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  2. There are a couple of problems. First where to store the BIRT runtime once it has been created. Globals, statics and more generally singletons in PHP are not process wide.

    The other problem is how to inject it into the web server process. This would require a run once PHP script that gets invoked (by HTTP?) after the web server starts, but before it starts processing real web requests.

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  3. Great post, looking forwards to the developerWorks article! You refer to the technique used by BIRT as a possible "anti-pattern". How would you prefer such an API to be structured? Is it possible for APIs that need one-off initialization to hide this step from consumers - or at least to be easier to work with? How so?

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  4. Yes that's a really good point. There are many Java libraries that have some "do once code". It's easy to call that code in rich client applications that have an obvious [start, do-event-loop, end] structure. In web applications finding somewhere to call the start/stop code isn't so obvious.

    In Zero we used to have an onStart/onStop event that got called when the application started up and shut down. The trouble with this design is that we started putting loads of stuff in there, even if it wasn't actually used.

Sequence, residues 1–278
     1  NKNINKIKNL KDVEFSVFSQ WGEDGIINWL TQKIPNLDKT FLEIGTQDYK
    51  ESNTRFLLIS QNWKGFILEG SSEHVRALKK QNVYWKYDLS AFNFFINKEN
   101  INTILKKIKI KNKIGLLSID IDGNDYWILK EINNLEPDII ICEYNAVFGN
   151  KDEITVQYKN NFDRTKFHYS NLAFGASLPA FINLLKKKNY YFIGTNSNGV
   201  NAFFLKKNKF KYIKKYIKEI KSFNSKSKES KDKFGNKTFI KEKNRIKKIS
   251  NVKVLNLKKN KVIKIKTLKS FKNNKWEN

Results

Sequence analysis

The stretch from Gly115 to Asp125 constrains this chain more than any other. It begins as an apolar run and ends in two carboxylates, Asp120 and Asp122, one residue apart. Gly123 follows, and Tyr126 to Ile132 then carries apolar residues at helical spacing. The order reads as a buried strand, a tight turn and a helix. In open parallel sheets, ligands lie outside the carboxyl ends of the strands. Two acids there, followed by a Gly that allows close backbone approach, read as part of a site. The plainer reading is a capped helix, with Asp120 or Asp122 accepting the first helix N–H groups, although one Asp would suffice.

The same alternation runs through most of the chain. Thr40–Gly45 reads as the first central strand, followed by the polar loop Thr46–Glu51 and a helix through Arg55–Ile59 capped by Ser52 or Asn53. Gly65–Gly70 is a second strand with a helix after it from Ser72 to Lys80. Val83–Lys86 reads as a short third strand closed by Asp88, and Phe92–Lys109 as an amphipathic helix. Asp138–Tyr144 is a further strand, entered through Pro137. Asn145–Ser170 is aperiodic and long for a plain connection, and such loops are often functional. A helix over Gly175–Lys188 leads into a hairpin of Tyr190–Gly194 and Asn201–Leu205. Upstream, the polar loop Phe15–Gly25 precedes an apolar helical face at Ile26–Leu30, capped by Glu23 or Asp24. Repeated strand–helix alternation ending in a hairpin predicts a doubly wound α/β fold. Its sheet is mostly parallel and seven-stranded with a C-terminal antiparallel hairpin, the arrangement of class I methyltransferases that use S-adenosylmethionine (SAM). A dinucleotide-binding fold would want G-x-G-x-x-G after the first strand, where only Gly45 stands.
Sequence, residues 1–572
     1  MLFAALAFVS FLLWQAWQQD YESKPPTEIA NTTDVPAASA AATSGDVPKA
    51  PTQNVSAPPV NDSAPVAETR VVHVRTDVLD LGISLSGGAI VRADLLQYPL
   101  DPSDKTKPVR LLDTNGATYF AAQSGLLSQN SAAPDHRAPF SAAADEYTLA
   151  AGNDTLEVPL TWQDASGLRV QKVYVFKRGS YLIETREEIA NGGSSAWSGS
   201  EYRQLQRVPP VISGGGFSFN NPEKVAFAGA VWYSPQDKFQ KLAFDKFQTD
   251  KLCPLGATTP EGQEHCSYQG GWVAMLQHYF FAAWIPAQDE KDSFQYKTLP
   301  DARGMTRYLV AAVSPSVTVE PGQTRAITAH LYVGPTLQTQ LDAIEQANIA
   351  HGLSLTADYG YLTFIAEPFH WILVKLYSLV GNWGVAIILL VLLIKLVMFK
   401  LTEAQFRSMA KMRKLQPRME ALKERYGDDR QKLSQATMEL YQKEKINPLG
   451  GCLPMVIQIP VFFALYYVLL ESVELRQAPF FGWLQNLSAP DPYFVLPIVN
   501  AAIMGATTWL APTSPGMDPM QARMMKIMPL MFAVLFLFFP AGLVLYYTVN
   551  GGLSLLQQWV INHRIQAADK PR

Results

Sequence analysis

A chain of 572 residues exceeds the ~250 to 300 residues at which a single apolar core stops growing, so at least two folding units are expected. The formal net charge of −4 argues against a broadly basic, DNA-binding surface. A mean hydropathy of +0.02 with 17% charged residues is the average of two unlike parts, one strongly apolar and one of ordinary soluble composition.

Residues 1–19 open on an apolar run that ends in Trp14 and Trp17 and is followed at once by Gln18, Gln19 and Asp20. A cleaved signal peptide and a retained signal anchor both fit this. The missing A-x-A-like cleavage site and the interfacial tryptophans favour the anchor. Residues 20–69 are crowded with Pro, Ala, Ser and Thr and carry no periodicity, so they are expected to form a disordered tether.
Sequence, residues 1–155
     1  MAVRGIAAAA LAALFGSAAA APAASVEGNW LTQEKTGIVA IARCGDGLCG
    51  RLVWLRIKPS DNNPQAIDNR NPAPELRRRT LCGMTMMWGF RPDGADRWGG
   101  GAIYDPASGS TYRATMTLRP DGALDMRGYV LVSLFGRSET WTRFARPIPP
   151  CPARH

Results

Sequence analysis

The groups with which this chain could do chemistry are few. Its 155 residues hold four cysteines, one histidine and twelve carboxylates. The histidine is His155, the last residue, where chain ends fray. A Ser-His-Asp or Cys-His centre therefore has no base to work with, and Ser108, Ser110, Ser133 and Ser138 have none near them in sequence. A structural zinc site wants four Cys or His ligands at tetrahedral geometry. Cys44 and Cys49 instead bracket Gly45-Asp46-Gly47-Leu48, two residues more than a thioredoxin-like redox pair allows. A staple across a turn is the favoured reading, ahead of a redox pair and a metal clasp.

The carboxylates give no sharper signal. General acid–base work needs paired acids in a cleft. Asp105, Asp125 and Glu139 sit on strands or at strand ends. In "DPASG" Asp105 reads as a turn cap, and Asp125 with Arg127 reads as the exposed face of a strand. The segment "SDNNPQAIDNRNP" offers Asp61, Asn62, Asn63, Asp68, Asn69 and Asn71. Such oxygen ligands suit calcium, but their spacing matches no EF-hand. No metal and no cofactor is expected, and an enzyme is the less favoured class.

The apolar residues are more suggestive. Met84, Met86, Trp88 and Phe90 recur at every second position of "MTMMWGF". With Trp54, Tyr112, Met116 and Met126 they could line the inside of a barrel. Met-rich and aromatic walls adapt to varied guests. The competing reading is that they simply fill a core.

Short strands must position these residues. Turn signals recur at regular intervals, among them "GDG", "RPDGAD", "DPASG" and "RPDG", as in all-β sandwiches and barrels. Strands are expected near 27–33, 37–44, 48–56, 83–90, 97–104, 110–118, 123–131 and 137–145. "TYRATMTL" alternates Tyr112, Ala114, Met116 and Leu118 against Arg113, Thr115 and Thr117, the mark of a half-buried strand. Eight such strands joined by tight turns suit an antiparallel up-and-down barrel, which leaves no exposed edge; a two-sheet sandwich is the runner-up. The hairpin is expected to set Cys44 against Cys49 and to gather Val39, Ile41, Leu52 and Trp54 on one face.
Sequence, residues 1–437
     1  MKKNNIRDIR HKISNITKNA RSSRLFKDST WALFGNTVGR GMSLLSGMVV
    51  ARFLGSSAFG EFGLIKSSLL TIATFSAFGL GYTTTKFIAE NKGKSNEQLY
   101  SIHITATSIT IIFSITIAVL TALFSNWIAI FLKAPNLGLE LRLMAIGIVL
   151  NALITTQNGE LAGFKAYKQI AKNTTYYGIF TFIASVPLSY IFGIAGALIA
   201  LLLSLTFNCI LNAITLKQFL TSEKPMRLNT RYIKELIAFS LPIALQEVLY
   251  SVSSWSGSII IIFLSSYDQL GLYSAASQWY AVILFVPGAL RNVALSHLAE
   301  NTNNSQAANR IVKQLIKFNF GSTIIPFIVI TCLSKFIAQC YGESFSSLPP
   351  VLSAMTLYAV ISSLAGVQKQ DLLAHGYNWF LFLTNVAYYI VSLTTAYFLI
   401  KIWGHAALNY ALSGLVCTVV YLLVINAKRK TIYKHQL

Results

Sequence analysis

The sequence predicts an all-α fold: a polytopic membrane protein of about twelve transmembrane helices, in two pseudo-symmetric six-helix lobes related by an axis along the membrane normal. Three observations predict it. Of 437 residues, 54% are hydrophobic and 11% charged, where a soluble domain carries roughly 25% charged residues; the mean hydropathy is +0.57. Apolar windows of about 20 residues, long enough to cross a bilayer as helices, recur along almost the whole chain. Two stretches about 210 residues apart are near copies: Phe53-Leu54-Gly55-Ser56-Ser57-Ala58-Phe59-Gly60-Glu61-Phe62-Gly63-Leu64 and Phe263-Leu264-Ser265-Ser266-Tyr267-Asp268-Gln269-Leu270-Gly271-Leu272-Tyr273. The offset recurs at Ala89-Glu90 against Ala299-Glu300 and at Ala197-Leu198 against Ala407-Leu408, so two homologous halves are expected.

So for example, I might start up the BIRT runtime in the onStart event but the PHP process may never render any reports so that was wasted effort! A better approach is to lazily start BIRT when the first report gets rendered.

    The article will show how to do this with some Zero magic called the gcMiss event. gcMiss is explained in the Zero documentation but it doesn't have any examples so at the moment it is totally unobvious how it helps solve this problem!

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  5. We have done some work with BIRT and the PHP/Java Bridge Open Source project that may suit your needs. Take a look at this article.
    http://www.theserverside.com/tt/articles/article.tss?l=IntegratingBIRTwithPHP

    Jason

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  6. Great article, anyway, small error - Global Context url in article doesn't work.